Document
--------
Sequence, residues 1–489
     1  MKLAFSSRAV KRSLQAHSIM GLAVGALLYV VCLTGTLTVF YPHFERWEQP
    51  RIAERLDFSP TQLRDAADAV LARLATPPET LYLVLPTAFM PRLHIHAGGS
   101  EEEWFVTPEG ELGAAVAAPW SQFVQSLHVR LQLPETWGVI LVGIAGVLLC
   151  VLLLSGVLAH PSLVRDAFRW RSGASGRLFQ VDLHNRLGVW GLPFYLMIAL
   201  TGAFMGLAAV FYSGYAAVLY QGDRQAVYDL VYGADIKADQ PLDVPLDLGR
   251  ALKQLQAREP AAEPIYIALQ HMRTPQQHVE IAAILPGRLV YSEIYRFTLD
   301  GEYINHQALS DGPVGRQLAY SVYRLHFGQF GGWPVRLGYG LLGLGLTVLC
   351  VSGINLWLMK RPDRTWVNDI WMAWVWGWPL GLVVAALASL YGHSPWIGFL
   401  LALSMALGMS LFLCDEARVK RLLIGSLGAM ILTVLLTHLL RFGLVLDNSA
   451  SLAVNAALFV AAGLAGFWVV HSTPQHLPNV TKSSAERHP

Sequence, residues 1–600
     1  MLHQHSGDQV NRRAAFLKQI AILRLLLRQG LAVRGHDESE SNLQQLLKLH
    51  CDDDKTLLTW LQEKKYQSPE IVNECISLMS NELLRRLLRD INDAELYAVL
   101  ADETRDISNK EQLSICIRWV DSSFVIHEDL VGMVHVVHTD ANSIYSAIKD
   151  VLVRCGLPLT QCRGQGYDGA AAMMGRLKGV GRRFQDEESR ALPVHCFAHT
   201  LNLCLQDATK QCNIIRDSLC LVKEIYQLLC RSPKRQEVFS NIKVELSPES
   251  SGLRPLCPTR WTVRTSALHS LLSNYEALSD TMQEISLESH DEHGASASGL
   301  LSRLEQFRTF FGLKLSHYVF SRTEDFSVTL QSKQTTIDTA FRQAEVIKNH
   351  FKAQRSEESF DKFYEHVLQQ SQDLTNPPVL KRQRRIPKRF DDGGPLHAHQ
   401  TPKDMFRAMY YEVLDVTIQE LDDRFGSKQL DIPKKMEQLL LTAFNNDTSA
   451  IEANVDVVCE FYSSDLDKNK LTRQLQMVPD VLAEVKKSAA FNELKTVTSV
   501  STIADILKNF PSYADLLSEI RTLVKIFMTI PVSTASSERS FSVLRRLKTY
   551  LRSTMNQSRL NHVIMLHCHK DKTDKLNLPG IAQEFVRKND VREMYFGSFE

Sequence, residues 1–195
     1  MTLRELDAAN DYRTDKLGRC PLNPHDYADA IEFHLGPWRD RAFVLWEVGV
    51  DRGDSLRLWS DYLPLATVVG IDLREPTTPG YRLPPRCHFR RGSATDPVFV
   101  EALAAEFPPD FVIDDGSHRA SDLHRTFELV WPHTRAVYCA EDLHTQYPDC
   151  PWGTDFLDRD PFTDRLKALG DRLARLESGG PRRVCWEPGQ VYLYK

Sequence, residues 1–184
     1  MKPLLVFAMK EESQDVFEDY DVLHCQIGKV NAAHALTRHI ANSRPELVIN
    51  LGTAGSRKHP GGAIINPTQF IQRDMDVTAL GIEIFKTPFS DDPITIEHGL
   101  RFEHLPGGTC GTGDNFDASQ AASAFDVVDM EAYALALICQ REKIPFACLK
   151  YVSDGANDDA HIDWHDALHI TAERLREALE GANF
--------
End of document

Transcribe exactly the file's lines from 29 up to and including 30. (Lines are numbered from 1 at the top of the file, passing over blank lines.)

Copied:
   151  PWGTDFLDRD PFTDRLKALG DRLARLESGG PRRVCWEPGQ VYLYK

Sequence, residues 1–184